At Google, we think everyone should be able to express themselves online, so we want to make conversations more inclusive. Sometimes the labels we use to describe ourselves and our loved ones can be used to harass people online - but technology can help.
We launched Project Respect at the Sydney Gay and Lesbian Mardi Gras Fair Day.
Googlers Kirstin Sillitoe and Sam Worne help to launch Project Respect.
These statements will contribute to an open source data set, which coders, developers and technologists all over the world can use to help teach artificial intelligence models how the LGBTIQ+ community speak about themselves.
One of those AI algorithms is called Perspective, a tool that is currently being offered on a limited basis to international news websites to assist them in their moderation efforts. One of its uses is to highlight the toxicity of a comment to you, while you’re writing it. That gives you, as the writer, an opportunity to reflect, reconsider and edit your comment, making conversations more inclusive.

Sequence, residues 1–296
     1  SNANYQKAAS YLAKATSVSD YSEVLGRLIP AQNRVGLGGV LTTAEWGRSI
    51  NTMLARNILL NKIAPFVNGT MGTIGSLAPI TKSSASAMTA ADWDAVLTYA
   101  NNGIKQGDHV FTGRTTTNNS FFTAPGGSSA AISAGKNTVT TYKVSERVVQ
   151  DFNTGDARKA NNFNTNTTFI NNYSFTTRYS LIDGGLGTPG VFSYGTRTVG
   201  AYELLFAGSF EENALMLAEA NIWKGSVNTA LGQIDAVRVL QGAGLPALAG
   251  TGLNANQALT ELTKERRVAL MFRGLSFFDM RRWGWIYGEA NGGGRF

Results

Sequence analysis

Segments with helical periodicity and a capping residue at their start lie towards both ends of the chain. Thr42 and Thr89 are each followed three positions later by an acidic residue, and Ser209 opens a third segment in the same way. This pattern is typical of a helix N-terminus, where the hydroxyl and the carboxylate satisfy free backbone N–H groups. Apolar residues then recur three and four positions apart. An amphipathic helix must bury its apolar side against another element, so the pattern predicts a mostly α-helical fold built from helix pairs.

Perspective helps to highlight the possible toxicity of a comment, while you're writing it.
And while Project Respect began in Sydney, it’s also being rolled out to other countries, meaning the data we gather will represent the LGBTIQ+ community on a global scale. Google is a proud supporter of the LGBTIQ+ community through our sponsorship of the Sydney Gay and Lesbian Mardi Gras Community Parade Grants.
At Google, we encourage people to bring their whole selves to work. In all of our offices around the world we are committed to cultivating a work environment where Googlers can be themselves and thrive.
We also want our employees to have the same inclusive experience outside of the office, and for LGBTIQ+ communities to be safe and to be accepted wherever they are, both in the world around us and online.
The Google team behind Project Respect.
It’s been so great working alongside such a talented, passionate team to bring Project Respect to life. Many of us on the team identify as LGBTIQ+ - including me - and so we’ve experienced both the pride of being part of that community, and some of the challenges, first hand.
I grew up in an era when the word ‘queer’ was being (rightly!) reclaimed - and because the people who’ve gone before me fought that fight, I can now use that word with pride!
So I’m shouting about Project Respect to everyone … the more data we have from our own community, the more our online conversations will be a true reflection of the language we are proud to use.”
Don’t forget to visit Project Respect and share your statement.